Hoya retusa

Hoya retusa

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Hoya retusa is part of the Apocynaceae family and its’ native range is W. India and E. Himalaya where it grows as an epiphytic subshrub primarily in the wet tropical biome. Leaves are thin with a slightly wider tip that is retuse in shape. Single flowers form from the ends of short pedicels, they are white with a pink-red corona. Hoya retusa reminds me of pine needles, they also look a little bit like a Rhipsalis.

Genus name is new Latin, named after Thomas Hoy ( c. 1750– c. 1821), English gardener. Specific epithet is derived from Latin and refers to the ‘retused’ leaf-shape.

9cm potted plant in a coco husk plug with coco coir, coco chips, perlite and pine bark. We do not recommend removing the plant from the coco husk plug.

The picture shown is an example of what's in stock. You will receive a plant as close to the picture and description as possible.

Light: Bright indirect light, meaning the plant sees the sun for 0-4 hours per day - this could be through trees or a translucent curtain, it’s important for the plant to see the sky in order to thrive. East facing or North-west window would work well. I grow this plant under grow lights at home and I’ve noticed the leaves are darker with a slight red tinge when exposed to more light but I wouldn’t say they sunstress in the typical way other Hoya do.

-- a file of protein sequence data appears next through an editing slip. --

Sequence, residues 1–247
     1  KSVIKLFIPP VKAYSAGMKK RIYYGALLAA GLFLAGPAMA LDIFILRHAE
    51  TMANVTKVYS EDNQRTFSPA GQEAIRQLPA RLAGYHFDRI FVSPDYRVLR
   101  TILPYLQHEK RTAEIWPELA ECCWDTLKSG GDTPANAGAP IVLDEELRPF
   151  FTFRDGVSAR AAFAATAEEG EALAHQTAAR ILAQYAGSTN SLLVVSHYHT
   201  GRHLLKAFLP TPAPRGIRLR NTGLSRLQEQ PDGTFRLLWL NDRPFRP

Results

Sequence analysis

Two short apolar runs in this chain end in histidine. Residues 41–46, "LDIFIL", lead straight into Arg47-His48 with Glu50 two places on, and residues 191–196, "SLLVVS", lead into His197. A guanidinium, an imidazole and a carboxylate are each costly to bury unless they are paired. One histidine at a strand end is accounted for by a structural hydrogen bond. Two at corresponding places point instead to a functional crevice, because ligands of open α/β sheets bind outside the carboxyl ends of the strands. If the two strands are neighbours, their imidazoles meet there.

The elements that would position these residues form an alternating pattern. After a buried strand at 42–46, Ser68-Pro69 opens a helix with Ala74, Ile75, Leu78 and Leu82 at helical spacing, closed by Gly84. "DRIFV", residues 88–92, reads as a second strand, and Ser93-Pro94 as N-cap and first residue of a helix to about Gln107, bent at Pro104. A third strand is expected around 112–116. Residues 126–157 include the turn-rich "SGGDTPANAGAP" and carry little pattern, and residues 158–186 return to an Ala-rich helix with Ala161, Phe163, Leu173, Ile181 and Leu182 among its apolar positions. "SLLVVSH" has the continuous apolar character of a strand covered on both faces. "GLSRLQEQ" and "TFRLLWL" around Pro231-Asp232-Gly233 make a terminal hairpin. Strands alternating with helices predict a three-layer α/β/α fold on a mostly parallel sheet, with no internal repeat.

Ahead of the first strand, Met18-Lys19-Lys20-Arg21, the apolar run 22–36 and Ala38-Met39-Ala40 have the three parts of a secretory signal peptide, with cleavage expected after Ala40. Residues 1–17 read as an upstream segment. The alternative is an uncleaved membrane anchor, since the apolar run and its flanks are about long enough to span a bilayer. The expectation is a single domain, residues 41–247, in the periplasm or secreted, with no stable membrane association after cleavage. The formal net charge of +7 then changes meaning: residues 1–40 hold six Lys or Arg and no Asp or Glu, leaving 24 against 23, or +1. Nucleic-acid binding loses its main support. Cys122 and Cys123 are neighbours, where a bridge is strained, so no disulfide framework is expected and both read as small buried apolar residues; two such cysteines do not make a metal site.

Water: Allow the potting mix to dry out at least halfway through before watering. The thinner leaves of Hoya retusa mean they won’t be able to store water as well as other Hoya.

Potting mix: Our potting mix would be ideal with some added coco chips.

Fertilising: Feed every couple of waterings with a well balanced fertiliser; you can further dilute fertiliser than the recommended amount but never add more.

Temperature: Day time temperatures of 15-25˚C, cooler night time temperature of 10-15˚C is thought to encourage blooming.

Humidity: 60% and above with good air circulation.

Hoya aren’t considered toxic, however, they may make your pet or child vomit if ingested, keep out of reach just to be safe.

For more information about Hoya, check out our blog.